Senate Majority Leader Mitch McConnell slammed Democrats’ plan for reparations for slavery on Tuesday, saying, “no one currently alive was responsible for that.”
While addressing the media on Capitol Hill, the Kentucky Republican was asked about the House Judiciary Subcommittee on the Constitution, Civil Rights and Civil Liberties holding a hearing this week on reparations.
The hearing, which was scheduled and created by Democrats, will feature testimony from left-wing Hollywood actor Danny Glover and author Ta-Nehisi Coates, who are attempting to make the case for reparations.
When asked about whether the U.S. Senate will take up any measure on the issue, McConnell made it clear that he would never let that happen.
REPORTER: There’s going to be a hearing on reparations for slavery tomorrow. I’m wondering where do you stand on that issue. Do you believe in reparations for slavery and, if not, should there be an apology from Congress or from the president in recognition of the theft of labor.
MAJORITY LEADER MCCONNELL: I don’t think reparations for something that happened 150 years ago for whom none of us currently living are responsible is a good idea. We’ve tried to deal with our original sin of slavery by fighting a civil war, by passing landmark civil rights legislation. We’ve elected an African-American president. I think we’re always a work in progress in this country, but no one currently alive is responsible for that and I don’t think we should be trying to figure out how to compensate for it. First of all, it’s hard to figure out who to compensate. Waves of immigrants who’ve come to the country as well and experiences dramatic discrimination of one kind or another. So no, I don’t think reparations are a good idea.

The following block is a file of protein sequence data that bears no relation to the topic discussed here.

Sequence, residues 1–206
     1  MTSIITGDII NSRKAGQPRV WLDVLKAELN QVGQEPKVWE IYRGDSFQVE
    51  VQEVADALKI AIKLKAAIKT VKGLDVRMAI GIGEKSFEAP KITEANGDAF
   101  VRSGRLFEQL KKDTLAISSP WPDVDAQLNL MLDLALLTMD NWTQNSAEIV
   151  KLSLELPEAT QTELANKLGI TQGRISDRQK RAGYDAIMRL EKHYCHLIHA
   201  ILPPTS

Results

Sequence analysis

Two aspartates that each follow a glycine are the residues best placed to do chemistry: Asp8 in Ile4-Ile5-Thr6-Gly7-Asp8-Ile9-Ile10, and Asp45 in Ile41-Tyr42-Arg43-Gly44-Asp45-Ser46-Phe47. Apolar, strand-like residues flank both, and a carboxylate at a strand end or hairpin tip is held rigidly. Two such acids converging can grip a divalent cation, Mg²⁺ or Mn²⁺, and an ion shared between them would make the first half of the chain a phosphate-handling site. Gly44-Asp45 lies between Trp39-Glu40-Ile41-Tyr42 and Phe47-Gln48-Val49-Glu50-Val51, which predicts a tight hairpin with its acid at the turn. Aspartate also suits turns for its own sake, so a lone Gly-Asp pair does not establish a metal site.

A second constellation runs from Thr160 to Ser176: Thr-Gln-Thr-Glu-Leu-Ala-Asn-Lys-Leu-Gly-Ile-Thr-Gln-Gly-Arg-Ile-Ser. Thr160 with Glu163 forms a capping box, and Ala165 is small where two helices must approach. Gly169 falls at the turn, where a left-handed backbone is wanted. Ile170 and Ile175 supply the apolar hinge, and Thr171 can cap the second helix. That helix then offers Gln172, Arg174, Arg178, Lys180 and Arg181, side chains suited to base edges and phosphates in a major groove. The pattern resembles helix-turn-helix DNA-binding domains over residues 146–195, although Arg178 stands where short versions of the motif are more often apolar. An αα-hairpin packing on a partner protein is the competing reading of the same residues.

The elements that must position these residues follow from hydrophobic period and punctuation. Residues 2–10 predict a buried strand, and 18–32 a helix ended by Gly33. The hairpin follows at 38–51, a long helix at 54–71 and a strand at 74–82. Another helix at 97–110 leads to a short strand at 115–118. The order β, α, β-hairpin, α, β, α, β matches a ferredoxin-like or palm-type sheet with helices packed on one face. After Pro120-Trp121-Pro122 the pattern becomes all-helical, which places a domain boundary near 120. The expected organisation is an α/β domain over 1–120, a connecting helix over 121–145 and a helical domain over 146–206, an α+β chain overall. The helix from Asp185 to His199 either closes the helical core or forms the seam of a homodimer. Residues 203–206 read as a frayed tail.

Mitch McConnell on why he opposes reparations for slavery: "No one currently alive was responsible for that." pic.twitter.com/e3hFHQQke9
— Josh Caplan (@joshdcaplan) June 18, 2019
The idea of reparations for slavery has become a hot topic in recent months, especially given several 2020 Democratic presidential candidates have publicly endorsed the idea.
Earlier this month, failed Texas senatorial candidate Robert “Beto” O’Rourke put his full support behind reparations.
“The answer is yes. We must repair this country from its very founding, kidnapping peoples from West Africa, bringing them here in bondage to literally build the wealth of the United States,” he said. “The path there, though, has to come through learning and telling this American story with everyone. Then, I think, we define what reparations look like.”
In March, Sen. Elizabeth Warren gave a detailed answer on the question of reparations for black Americans.
“I love the idea of this congressional commission,” the Massachusetts Democrat said at Jackson State University, a historically black school. “I believe it’s time to start the national, full-blown conversation about reparations.”
Back in February, Sen. Kamala Harris admitted that she supports “some sort” of reparations to African-Americans for slavery.
It’s nothing short of pandering to a small segment of a critical demographic that lives in the past.